There will be those who recoil at the thought of a millionaire rock star singing about poor people and hard work the way Bruce Springsteen does on his juggernaut of a new album, Wrecking Ball.
However, to do so would be short-sighted as anyone who has seen The Boss live in the past 40 years knows that he can put a shift in and doesn’t shy away from hard graft to please his fans.
His words have never sounded like those of a millionaire’s but more like the pedigree Jersey shore rat who was raised in economically depressed Freehold, N.J., Thus, Springsteen knows a thing or two about economic frustration.
Wrecking Ball is Springsteen's 17th studio album and although he is exploring familiar working class territory, this is one of his most experimental albums to date.
The protagonists of the album, produce by Springsteen with Ron Aniello, are going through very difficult times indeed and just listening to it can feel like an ordeal now and then.
This is Springsteen’s response to the banking crisis and like any good fight back, numbers are key and is as if Springsteen is trying to relate to as many different types of people as possible with this mixture whilst blending it with the Springsteen guitar sound.
For example, Irish tin whistles can be heard on Death to My Hometown, Italian Mandolin on Jack of All Trades, even a rap and gospel sounds appear, unexpectedly, on Rocky Ground.
Tom Morello (Rage Against The Machine) plays guitar on This Depression and Jack of All Trades while the familiar tones of the late Clarence Clemons saxophone ring out on title track Wrecking Ball and The Land of Hope and Dreams.
With its gritty portrayal of the danger at hand when lives are being lived on the edge of collapse, Wrecking Ball recalls previous works such as Nebraska, The River and not unlike The Ghost of Tom Joad, though the newer record has a far larger and more ‘produced’ sound. It is certainly more comparable to those than the two albums which preceded it, Magic and Working on a Dream.
More than anything though, Wrecking Ball is an experimental record with a lot of heart and real anger at the core of it.
Track-by-track run down:
1. We Take Care of Our Own
With the backbone of a pounding kick drum the opening track unleashes the feeling of the album and sets the tone perfectly. If you’ve got tickets to see The Boss this summer I imagine this will be the set-opener.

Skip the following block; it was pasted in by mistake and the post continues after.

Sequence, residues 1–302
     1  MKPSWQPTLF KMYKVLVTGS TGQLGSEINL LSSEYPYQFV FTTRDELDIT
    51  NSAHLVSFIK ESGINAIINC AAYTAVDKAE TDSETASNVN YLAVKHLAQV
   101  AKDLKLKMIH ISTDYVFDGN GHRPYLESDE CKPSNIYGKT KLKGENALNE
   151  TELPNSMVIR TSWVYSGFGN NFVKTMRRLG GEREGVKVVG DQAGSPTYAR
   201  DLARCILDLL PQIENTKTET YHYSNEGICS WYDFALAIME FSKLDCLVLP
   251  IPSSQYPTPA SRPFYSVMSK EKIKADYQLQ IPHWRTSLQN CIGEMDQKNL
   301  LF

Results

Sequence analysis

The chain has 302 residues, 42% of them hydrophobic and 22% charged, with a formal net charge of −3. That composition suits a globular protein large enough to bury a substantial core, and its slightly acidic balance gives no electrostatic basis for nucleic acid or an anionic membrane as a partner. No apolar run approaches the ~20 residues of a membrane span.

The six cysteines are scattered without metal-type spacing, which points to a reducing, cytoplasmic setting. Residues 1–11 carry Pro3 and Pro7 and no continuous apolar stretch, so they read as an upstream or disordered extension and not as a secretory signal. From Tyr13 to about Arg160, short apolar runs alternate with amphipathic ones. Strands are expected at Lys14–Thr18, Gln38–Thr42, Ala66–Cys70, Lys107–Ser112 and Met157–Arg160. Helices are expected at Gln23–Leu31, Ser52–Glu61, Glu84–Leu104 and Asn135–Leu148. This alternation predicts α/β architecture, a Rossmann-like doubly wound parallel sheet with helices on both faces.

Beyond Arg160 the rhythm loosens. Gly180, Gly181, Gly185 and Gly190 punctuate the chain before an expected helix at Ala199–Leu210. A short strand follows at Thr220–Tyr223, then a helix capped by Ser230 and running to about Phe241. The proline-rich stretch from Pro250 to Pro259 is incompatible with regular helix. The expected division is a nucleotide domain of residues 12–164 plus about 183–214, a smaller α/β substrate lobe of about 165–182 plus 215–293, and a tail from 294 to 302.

2. Easy Money
There is a real country feel and lax attitude about this song which decries ‘all them fat cats’ who laugh as the working-class man’s life falls apart. Women are often told to ‘put on their red dress’ in Springsteen songs but not usually to go and commit crime as in this one!
3. Shackled and Drawn
A prison-style working song, the type with a simple beat which wielding a pick-axe to the sound to could help the work pass easier. There’s a lot of hooting and shouting, all in the face of helplessness.
4. Jack Of All Trades
A tender ballad about a man willing to do whatever it takes to provide for his family. However, it becomes decidedly less tender as the song draws to a close, with the singer expressing an uneasy willingness to ‘shoot the bastards on sight’, followed by a provoking guitar-solo.
5. Death To My Hometown
Springsteen treats us to a lovely Irish accent on this celtic-style ballad with African rhythm and an overall pounding and relentless sound. It also has one of the most descriptive lyrics on the album about a town which was destroyed and robbed without a single shot being fired.
6. This Depression
There is some inspired guitar work by Tom Morello on this track which is by far, the most morose on the album. The singer begs ‘This is my confession; I need your heart in this depression.’
7. Wrecking Ball
A classic Springsteen sound rings true on this track with passion and defiance it’s main concern and since it features Clarence Clemons on the saxophone, this is one for the purists.
8. You’ve Got It
Another one for the hardcore fans looking for some ‘classic Springsteen’, this is the lightest song on the album. Easy going and bluesy; it is older and wiser than his early records but could have fitted into The Rising or 18 Tracks.
9. Rocky Ground
This is unlike anything Springsteen has done before and it is deeply ambitious with its gospel sounds and rap, which Springsteen wrote himself, sung by Michelle Moore. Ambitious it is but it works and, arguably, this is the only Springsteen album it could be featured on; it fits with the theme of the record.
10. The Land of Hope and Dreams
‘Meet me in the Land of Hope and Dreams’ sounds distinctly more promising than ‘Meet me in the darkness on the edge of town’ yet it shares the anthemic sound offered by Darkness. Not a new song to hardcore fans as this has closed many a show over the years since around 2009 and has added nostalgia for having one of the last saxophone solos by Clemons.
11. We Are Alive
This is an odd song and it’s difficult to pinpoint its most distinctive quality with so many things going on, including a Ring of Fire-esque riff at the end. It makes for a fantastic bookend with We Take Care of Our Own to a diverse album that looks likely to split opinion.
The album is due for release on Monday March 5 on Columbia Records. A special edition of 'Wrecking Ball' will also be available and include two bonus tracks and exclusive artwork and photography.